A new edition of the American Journal of Bioethics explores the possibility of remedying social disadvantage through cognitive enhancement.
If love needs drugs, is it still love?
In a week in which the US mourns the 50th anniversary of the death of John F. Kennedy, Dr Who fans are celebrating the 50th anniversary of the cult TV series. The timing is not particularly sensitive, but tonight the BBC presents a special episode, “The Day of the Doctor.”
Should we take pills to rid ourselves of helpless passions?
Drugs could be used to reverse homosexual inclinations.
Some sentences could be worse than death.
A British neuroscientist has spoken enthusiastically about the possibility of performing a head transplant for patients with debilitating illnesses.
A conference to be held at Yale University in December brings together animal rights activists and fans of human enhancement who are interested in the rights of robots and aliens.
Is moral bioenhancement the answer to the dark clouds gathering over the future of humanity?
The canary is dead. Now, what about the coal mine? After Lance Armstrong’s confession to Oprah Winfrey in a 90-minute television that he won all of his seven Tour de France titles with the help of performance-enhancing drugs, will cycling become drug-free?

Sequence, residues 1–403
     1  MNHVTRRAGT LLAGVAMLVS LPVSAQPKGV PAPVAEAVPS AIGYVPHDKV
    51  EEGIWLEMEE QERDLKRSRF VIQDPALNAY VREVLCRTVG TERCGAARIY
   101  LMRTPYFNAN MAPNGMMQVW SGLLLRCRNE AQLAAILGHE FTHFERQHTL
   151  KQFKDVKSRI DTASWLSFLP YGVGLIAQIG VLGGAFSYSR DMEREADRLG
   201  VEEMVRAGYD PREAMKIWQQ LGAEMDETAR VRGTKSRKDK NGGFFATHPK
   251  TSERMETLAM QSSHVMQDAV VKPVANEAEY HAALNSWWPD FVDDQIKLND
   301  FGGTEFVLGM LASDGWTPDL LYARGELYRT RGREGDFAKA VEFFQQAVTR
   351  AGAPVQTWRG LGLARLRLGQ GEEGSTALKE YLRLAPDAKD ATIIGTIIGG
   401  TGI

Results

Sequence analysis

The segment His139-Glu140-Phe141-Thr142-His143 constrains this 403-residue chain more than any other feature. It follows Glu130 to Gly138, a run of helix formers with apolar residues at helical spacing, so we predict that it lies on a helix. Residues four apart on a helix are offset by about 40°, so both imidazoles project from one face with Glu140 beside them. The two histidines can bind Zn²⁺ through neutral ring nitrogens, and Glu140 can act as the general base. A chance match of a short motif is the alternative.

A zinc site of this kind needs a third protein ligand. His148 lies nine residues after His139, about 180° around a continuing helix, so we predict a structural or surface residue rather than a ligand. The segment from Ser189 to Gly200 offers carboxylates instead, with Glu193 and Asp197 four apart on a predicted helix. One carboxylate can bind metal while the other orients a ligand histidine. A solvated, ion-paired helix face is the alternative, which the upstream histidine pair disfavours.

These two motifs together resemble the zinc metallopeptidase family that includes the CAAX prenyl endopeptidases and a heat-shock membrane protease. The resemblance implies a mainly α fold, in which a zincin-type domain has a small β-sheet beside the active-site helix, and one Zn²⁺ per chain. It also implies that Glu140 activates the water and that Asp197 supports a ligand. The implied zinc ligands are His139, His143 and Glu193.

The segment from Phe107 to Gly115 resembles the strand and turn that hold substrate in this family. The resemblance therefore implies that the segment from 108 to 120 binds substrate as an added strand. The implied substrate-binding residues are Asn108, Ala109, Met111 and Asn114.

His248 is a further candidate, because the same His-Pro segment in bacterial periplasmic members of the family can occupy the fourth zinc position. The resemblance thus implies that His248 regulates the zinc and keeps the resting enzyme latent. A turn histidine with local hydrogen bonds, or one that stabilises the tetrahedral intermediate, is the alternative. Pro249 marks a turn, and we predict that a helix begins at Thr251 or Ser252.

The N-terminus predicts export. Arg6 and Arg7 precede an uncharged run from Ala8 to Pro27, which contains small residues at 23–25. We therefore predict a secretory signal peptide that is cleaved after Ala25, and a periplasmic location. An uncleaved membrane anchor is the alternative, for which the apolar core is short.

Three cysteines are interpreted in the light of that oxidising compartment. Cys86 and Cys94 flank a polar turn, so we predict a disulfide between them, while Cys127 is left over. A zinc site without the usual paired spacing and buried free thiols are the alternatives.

What happens if soldiers are taught to ignore compassion?
Two utilitarians slug it out over enhancing morality.
The bioethics angle in Cloud Atlas.
A new book by Ingmar Persson and Julian Savulescu, Unfit for the Future, fills in the case for biomedical moral enhancement which they have been making in journal articles recently
In a practice called boosting, paralympic athletes subject their body to extreme pain to raise their blood pressure and heart beat.
The dream of achieving biological immortality may have taken a big step forward. A 31-year-old Russian billionaire, Dmitry Itskov, claims that his research team will be able to transplant a human brain into an artificial body by 2020, And by 2045 he is sure that he will be able to create hologram avatars with the same capabilities as the humans in the James Cameron film.
Hollywood takes a definitive look at genetic enhancement in the latest instalment in the Bourne series, The Bourne Legacy – to be released next week.
The London Olympics have arrived and with them come familiar controversies over drug cheats. IOC President Jacques Rogge said yesterday that tests had identified more than 100 cheats in the lead-up to the Games. Years of tough restrictions appear to be bearing fruit, with fewer scandals every time the Olympics are held.
The near frontier of human enhancement is coffee on steroids: the drugs of the future that will make you smarter, sharper and quicker. This is misguided and risks being unethical, argue four German ethicists in the latest issue of the Journal of Medical Ethics.
Two Oxford bioethicists have proposed a novel solution to the scourge of 50% divorce rates – use love drugs to keep the flame of love alive. Writing in New Scientist, Julian Savulescu, of the Uehiro Centre for Practical Ethics and Anders Sandberg, of the Future of Humanity Institute, argue that evolution made humans unfit for lifelong marriage.
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